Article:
# I Fundamental Theorem of Arithmetic - Bhattacharya et al

1. Sep 4, 2016

### Math Amateur

I am reading the book, Basic Abstract Algebra by P.B. Bhattacharya, S.K. Jain, and S.R. Nagpaul ... ... and am currently focused on Chapter 2: Integers, Real Numbers and Complex Numbers ...

I need help with an aspect of the proof of the Fundamental Theorem of Arithmetic in Section 1.3 ... ...

The Fundamental Theorem of Arithmetic and its proof as presented by Bhattacharya et al reads as follows:

In the above text we read the following:

" ... ... So let $p_1 \neq q_1$. For definiteness, let $p_1 \gt q_1$. Then

$n \gt (p_1 - q_1) p_2 \ ... \ p_s = p_1p_2 \ ... \ p_s - q_1p_2 \ ... \ p_s$

$= q_1q_2 \ ... \ q_t - q_1p_2 \ ... \ p_s = q_1 (q_2 \ ... \ q_t - p_2 \ ... \ p_s)$

By the induction hypothesis either $q_1 = p_i$ for some $i = 2, \ ... \ , s$ or

$q_1 | (p_1 - q_1)$. ... ... "

$n \gt (p_1 - q_1) p_2 \ ... \ p_s = p_1p_2 \ ... \ p_s - q_1p_2 \ ... \ p_s$

$= q_1q_2 \ ... \ q_t - q_1p_2 \ ... \ p_s = q_1 (q_2 \ ... \ q_t - p_2 \ ... \ p_s)$

either $q_1 = p_i$ for some $i = 2, \ ... \ , s$ or $q_1 | (p_1 - q_1)$. ... ...

Can someone slowly and clearly explain exactly how the above follows ...

Hope someone can help ... ...

Peter

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The above refers to what Bhattacharya et al call the Second Principle of Induction ... this principle reads as follows in their text ... ... :

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2. Sep 4, 2016

### PeroK

The basis of this proof is that, if the FTA does not hold, then there must be a least whole number that has a non-unique prime factorisation. He's assuming that

$n = p_1 \dots p_s = q_1 \dots q_t$

is that whole number. And that any whole number less than $n$ must, therefore, have a unique prime factorisation.

I would change the proof slightly. If the two prime factorisations are different, then we know that they have no primes in common (otherwise we could cancel the common prime). In particular, this means that (without loss of generality) $p_1 > q_1$ and $q_1$ is distinct from all the $p's$.

Now, a bit of algebra gives:

$n > m = (p_1 -q_1)p_2 \dots p_s = q_1(q_2 \dots q_t - p_2 \dots p_s)$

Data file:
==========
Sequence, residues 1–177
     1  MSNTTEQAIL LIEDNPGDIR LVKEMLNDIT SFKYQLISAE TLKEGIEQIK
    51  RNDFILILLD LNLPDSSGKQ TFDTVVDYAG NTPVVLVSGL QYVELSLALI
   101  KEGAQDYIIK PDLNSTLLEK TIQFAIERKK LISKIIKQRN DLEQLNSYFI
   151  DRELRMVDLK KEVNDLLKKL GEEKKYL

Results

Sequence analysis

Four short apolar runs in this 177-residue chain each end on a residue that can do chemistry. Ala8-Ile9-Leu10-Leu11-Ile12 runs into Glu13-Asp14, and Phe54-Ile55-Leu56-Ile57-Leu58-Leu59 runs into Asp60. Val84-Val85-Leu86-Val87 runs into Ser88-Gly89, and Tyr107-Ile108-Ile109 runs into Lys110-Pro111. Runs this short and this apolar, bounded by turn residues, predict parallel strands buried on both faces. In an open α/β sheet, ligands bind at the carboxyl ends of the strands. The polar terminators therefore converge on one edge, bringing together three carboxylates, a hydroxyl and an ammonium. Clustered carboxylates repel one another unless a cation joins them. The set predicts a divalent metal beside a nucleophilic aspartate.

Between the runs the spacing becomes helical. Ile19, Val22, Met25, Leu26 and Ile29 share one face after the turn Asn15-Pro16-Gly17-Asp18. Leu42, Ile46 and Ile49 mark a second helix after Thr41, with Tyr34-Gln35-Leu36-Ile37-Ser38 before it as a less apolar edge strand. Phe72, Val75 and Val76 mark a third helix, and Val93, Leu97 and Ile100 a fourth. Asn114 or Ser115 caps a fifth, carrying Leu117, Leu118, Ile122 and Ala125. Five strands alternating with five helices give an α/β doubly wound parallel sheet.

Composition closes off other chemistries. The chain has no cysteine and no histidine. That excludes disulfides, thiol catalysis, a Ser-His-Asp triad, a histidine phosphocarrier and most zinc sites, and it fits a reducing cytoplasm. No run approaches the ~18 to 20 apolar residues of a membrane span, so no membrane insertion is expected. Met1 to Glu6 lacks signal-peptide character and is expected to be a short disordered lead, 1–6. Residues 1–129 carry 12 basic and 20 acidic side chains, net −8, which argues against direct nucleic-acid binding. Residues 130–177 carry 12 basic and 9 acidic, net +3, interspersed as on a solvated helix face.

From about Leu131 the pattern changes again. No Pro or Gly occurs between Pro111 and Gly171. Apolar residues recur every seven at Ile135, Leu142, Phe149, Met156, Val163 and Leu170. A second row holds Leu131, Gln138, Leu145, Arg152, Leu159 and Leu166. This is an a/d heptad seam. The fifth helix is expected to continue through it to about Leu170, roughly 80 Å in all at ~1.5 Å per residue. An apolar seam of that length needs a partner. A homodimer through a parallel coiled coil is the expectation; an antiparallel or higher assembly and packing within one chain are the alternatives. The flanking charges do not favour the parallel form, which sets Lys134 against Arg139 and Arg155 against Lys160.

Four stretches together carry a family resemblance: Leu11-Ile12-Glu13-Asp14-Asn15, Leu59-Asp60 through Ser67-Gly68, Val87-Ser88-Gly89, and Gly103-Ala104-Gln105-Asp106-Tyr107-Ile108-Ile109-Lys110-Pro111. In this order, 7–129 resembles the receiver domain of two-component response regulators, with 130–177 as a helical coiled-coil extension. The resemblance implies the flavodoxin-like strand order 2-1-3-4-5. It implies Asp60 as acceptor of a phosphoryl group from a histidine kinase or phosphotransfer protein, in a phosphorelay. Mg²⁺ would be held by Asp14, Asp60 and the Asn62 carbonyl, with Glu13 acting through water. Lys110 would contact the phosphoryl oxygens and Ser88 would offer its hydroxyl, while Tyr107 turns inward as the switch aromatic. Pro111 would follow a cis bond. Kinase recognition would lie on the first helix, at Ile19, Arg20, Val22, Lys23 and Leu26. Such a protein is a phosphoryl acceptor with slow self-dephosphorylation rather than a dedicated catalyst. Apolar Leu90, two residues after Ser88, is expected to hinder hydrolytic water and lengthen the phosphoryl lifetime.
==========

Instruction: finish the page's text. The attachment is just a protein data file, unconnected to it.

Now, this number $m$ is less than $n$ so must have a unique prime factorisation. In particular, $q_1$ must appear in the prime factorisation of $(p_1 -q_1)p_2 \dots p_s$.

And, as we know $q_1$ is distinct from the $p's$ (*) it must appear in the prime factorisation of $(p_1 -q_1)$ and so, in fact, $p_1 = q_1$, which is a contradiction. You might want to prove this last bit yourself.

(*) note also that $p_2 \dots p_s < n$ so has a unique prime factorisation and cannot have an alternative factorisation involving $q_1$.

3. Sep 4, 2016

### Math Amateur

Thanks for the help PeroK ... much appreciated...

... just working through your post now ...

Thanks again,

Peter

4. Sep 5, 2016

### Math Amateur

PeroK,

Thanks again for your help ...

BUT ... I need help to show that $q_1$ appearing in the prime factorization of $(p_1 -q_1)$ leads to $p_1 = q_1$ ... ...

Can you help further ...

Peter

5. Sep 5, 2016

### PeroK

Yes, but if you can't do something simple like that for yourself, then you are going to struggle.

$p_1 - q_1 = rq_1$ for some $r$

$p_1 = (r+1)q_1$

(That itself could be taken to be the contradiction, as you have an alternative prime factorisation for $p_1$)

Or, to continue:

$r = 0$ and $p_1 = q_1$

You need to get used to doing this for yourself. You can't learn number theory by letting Bhattacharya (or me) just spoon feed you all the steps.

6. Sep 5, 2016